The Sabbath and Creation

The Creation-Evolution debate can be reduced to questions of faith: Do you have faith in the ability of scientists to reach reliable conclusions about our origins on the basis of "scientific" evidence? Or, do you have faith in the reliability of the Bible story of Creation?

Some people see a possible middle ground between these two positions. They accept Theistic Evolution, a theory that accepts the existence of God but proposes that He used the process of evolution to "create."

Here is a brief look at Evolution:

Now let's look at the biblical view of Creation:

Here are a few points of comparison to illustrate the irreconcilable differences between theistic evolution and biblical creation:


Theistic Evolution

Billions of years of evolutionary development on Earth.

The biological world developed through Natural Selection.

The Sabbath may have physical, social, and religious value, but its connection to Creation is mythical and symbolic.

The fossil record proves that billions of creatures died in the Natural Selection process.

Death was a necessary mechanism in Natural Selection.

Death was a part of the natural order of things long before Adam and Eve sinned.
Biblical Creation

God created our world in one literal week. (Genesis 2:2)

God commanded, and it was done ("fiat creation&quote;). (Genesis 1:3, 6, 9, 11, 14, 20, 24 and 26)

God blessed and sanctified the Sabbath, establishing it as the perpetual memorial to His literal six-day Creation.

The Flood was a world-wide catastrophe that accounts for the fossil record (Genesis 7:19-23).

The Creator is a God of love who cares for even the tiny sparrow (Luke 12:6). Such a God would not use suffering and death as His tools of Creation.

Death came as the result of sin (Romans 5:12).

Let's look more closely at that last point. Here's what the Bible says:

So here's a question we need to answer: Is sin the cause of human death only, or is it the cause of all death? The Bible provides the answer:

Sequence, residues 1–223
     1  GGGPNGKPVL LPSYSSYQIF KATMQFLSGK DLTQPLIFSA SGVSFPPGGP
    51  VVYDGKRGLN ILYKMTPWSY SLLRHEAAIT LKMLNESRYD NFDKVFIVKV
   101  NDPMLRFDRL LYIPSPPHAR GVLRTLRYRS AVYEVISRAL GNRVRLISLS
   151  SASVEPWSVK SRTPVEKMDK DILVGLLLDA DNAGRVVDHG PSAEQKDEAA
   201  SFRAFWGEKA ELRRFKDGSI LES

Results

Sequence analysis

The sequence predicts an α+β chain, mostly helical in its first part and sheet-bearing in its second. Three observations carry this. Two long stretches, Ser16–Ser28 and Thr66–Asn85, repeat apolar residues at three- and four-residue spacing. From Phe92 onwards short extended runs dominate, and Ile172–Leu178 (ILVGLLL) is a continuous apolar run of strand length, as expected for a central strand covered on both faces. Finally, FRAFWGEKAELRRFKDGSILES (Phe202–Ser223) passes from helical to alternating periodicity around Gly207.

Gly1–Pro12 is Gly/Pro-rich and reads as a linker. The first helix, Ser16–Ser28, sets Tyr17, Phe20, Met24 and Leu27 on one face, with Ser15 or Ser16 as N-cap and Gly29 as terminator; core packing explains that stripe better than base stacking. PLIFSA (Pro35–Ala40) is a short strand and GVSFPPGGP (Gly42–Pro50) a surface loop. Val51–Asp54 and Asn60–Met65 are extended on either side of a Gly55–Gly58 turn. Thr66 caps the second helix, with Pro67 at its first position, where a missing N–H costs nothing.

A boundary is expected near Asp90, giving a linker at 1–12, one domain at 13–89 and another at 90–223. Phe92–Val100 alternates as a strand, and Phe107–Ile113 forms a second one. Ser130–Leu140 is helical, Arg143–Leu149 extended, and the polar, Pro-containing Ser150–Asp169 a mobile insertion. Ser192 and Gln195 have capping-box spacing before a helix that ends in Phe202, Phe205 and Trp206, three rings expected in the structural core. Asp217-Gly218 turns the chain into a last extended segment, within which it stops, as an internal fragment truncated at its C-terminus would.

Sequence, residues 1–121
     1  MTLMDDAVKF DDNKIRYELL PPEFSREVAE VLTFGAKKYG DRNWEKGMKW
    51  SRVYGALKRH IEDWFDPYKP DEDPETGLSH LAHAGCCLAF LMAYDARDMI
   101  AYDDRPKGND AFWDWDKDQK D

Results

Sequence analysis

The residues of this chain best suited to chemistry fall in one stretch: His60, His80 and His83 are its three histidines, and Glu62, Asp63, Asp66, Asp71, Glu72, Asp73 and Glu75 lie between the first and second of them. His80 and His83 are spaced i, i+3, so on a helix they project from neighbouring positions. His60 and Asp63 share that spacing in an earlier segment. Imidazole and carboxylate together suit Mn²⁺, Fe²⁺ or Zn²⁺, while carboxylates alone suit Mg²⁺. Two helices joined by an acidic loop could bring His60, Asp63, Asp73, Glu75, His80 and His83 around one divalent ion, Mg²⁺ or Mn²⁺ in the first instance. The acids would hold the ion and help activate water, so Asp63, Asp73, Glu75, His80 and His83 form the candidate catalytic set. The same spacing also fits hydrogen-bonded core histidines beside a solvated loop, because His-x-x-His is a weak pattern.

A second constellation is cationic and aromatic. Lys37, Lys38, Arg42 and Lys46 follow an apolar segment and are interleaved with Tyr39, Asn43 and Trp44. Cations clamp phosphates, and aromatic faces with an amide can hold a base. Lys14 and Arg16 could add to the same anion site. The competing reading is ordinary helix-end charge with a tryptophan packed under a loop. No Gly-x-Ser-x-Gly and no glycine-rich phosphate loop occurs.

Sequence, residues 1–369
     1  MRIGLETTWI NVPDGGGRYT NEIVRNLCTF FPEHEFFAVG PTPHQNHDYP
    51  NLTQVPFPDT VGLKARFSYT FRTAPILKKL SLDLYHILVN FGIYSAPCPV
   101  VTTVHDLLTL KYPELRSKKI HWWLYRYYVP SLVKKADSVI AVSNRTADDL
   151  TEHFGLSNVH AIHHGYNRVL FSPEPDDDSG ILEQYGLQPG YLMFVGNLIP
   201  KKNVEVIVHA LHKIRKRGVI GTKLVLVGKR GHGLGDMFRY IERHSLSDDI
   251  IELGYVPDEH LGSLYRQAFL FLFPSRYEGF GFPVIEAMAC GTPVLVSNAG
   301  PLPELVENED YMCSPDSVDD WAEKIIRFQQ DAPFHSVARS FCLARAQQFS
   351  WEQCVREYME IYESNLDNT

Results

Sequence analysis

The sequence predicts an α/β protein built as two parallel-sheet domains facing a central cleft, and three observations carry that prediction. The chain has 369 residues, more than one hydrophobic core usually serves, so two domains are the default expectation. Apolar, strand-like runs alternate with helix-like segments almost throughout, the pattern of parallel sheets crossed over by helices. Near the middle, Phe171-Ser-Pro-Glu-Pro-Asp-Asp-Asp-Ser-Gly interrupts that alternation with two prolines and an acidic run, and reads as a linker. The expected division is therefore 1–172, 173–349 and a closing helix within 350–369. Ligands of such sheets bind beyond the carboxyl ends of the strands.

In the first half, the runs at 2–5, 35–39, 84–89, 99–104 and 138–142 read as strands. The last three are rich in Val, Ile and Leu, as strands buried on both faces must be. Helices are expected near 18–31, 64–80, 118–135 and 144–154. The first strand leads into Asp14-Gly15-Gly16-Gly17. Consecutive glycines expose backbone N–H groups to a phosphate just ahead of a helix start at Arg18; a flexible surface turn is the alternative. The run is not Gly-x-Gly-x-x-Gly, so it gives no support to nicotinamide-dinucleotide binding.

If death was really part of the natural order of things prior to the time of Adam and Eve, then the biblical account of the Fall is not historical fact. At best it's a fable with a good lesson, a morality tale meant to teach us that disobeying God is a bad thing.

If the Bible's record of how sin and death came into the world is not accurate—if we cannot accept it as factual—then what is the plan of salvation all about?

If death is not the penalty for sin, why did Jesus have to die for us?

Is His death only a good example of standing up for what you believe, no matter the cost?

Is the cross merely a vivid demonstration of forgiving your enemies?

Is the whole of His life and ministry simply meant to influence us to live better lives—and is that just another part of God's plan for man's evolution toward eventual perfection?

What does the Bible teach about all this?

These verses clearly teach that death is the consequence of sin, that Christ came to die for us, and that we can have eternal life if we believe in Him. He is our Savior, our Substitute, our Redeemer, our Deliverer.

Here is where the Sabbath comes back into our picture, tying together two concepts: Creation (Exodus 20:11) and Redemption (Deuteronomy 5:15).

The Sabbath speaks to us of our Creator, who made it part of a perfect world before sin entered the picture; and it speaks to us of our Redeemer, who has delivered us from bondage to sin and death. The Sabbath points us to the Holy One who sanctified it, consecrated it, separated it from the other days to make it His own; and it points us to Him who sanctifies us, making us His own people and transforming us by His presence.

In Revelation 14 the first of the three angels carries the message of an eternal gospel to the whole world, delivering an urgent invitation to all mankind. Notice the words of that invitation:

According to this verse, that invitation is tied chronologically to "the hour of His judgment." That's a reference to the pre-Advent judgment that must occur prior to the second coming of Christ.

The prophecy of Daniel 8 puts the beginning of that judgment in the 1840s. That's when the call to "worship Him who made the heaven and the earth and sea and springs of waters" was to go forth. (Interestingly, in that same time period Charles Darwin was developing his theory of the origin of the species.)

This call to worship uses the language of the Sabbath commandment—Creation language. It invites the people of earth to worship the Creator, and that means observing the Sabbath of Creation.

The proponents of Evolution—even those who believe in Theistic Evolution—rely on their interpretation of "scientific" evidence. That evidence leads away from a loving, benevolent Creator and contradicts the Genesis account of Creation.

Those who truly believe the Bible, who trust it without reserve, must be willing to ignore the theories and speculative conclusions of "science" and to distrust even the evidence of their own senses. By honoring the Sabbath they can tell the world that they believe the Bible and have faith in their Creator and Redeemer.